Could this cheap and effective supplement be the missing link in your Fitness regimen?

In the world of dietary supplements, there are hundreds if not thousands of products that claim to do a whole host of things from slowing down the arthritic process, reducing inflammation, improving immunity, losing body fat, gaining muscle, and even “slowing down time” to reduce the effects of aging on the body. Many of these supplements are expensive, unproven, or even potentially harmful. As a consumer, it’s your job to weed out all the crap and find what actually works and what doesn’t. That’s a challenging task considering the lay public doesn’t read a whole lot of research, and can be easily manipulated by the marketing of these large companies that know how to make a quick buck selling “health”.

If I were to dive into every supplement that hasn’t been shown to work despite all the marketing hype, this blog would be a novel. Instead, today I’m going to focus on a dietary supplement that is cheap, effective for promoting health in a variety of ways, and presents very minimal risk in terms of negative side effects. Given the current landscape of Covid-19 and the recent focus in “boosting your immune system”, this supplement should be a no brainer.

The supplement I’m referring to is Vitamin D3. You’ve likely heard of its importance on maintaining bone health and metabolism or heard that being out in the sun consistently can help maintain higher blood levels of Vitamin D and can be a net positive for your overall health ( provided you’re not overdoing it and causing excessive skin damage). However, even though Vitamin D is very popular, the positive effects from supplementation especially in those that are deficient, osteoporotic, have cardiometabolic disease, or even in trained athletes is still poorly known and understood.


Reducing Fracture Risk in Osteoporosis

One of the most important benefits of Vitamin D supplementation in those that could be deficient or osteoporotic/osteopenic, is that Vitamin D could reduce fracture risk. Because femur and hip fractures have such a detrimental effect on overall health and mortality risk in the elderly population, this information is crucial! It should also be noted that findings of osteopenia and osteoporosis are incredibly common in the aging female population and the potential positive effect that Vitamin D, calcium, and weight bearing exercise can have on bone health is substantial!

In an analysis done with close to 31,000 total participants spanning multiple studies, the Meta-analysis of all studies showed that calcium plus vitamin D supplementation produced a statistically significant 15 % reduced risk of total fractures (SRRE, 0.85; 95 % confidence interval [CI], 0.73-0.98) and a 30 % reduced risk of hip fractures (SRRE, 0.70; 95 % CI, 0.56-0.87)” [2] While this by no means signifies that Vitamin D and calcium together will guarantee that one doesn’t experience a fracture, a significant risk reduction is about as good as you can ask for from a supplement that also has many other positive benefits that we’ll discuss below. Bottom line, for anyone hoping to reduce risk of fractures, especially the elderly and especially those with osteoporosis, Vitamin D combined with calcium is a game changer.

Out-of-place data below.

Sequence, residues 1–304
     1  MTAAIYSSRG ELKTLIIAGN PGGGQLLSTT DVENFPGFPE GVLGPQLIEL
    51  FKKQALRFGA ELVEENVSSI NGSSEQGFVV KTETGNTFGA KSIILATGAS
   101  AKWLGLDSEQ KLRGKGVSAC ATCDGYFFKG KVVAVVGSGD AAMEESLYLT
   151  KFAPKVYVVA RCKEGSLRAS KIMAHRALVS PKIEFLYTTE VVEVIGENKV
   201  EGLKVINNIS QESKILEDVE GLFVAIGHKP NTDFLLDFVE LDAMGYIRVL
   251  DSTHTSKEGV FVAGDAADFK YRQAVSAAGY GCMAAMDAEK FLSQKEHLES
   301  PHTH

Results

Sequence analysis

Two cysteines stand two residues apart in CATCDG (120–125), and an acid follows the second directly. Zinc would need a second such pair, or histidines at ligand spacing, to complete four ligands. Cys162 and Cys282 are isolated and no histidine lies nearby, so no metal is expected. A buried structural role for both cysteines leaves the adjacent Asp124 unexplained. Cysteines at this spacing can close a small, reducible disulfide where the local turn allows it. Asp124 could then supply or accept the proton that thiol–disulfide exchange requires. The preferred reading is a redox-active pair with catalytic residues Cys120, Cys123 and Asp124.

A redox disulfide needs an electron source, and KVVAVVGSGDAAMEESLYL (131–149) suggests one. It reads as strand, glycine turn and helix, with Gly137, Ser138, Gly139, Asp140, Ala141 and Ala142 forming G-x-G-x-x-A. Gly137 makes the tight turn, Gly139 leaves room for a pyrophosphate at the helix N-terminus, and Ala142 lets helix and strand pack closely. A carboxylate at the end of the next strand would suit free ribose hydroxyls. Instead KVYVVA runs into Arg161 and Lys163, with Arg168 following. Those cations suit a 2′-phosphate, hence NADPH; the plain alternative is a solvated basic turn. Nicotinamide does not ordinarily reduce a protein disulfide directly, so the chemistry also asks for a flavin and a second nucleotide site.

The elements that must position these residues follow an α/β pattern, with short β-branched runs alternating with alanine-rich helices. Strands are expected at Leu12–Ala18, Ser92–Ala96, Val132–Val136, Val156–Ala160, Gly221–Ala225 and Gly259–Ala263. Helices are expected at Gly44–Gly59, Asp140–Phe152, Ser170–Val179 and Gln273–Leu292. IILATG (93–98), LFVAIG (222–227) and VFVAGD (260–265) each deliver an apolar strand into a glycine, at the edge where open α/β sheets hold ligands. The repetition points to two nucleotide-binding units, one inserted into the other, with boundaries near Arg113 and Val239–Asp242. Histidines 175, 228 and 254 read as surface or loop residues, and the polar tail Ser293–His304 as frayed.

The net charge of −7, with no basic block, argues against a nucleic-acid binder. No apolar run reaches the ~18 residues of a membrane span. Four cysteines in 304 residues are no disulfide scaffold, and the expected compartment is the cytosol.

Overall Health and Immunity Benefits

When it comes to promoting overall health, Vitamin D3 also stands out from the crowd in a major way too. In America, and really worldwide, we know that Cardiometabolic disease such as type 2 diabetes, metabolic syndrome ( hypertension, obesity, high cholesterol, high triglycerides, high blood sugar), and cardiovascular disease are some of the most common causes of death whether directly or indirectly. A study by Parker et al, with close to 100,000 participants “found that the highest levels of serum 25OHD were associated with a 43% reduction in cardiometabolic disorders [OR 0.57, 95% (CI 0.48-0.68)]. Similar levels were observed, irrespective of the individual cardiometabolic outcome evaluated or study design. High levels of vitamin D among middle-age and elderly populations are associated with a substantial decrease in cardiovascular disease, type 2 diabetes and metabolic syndrome.”[1]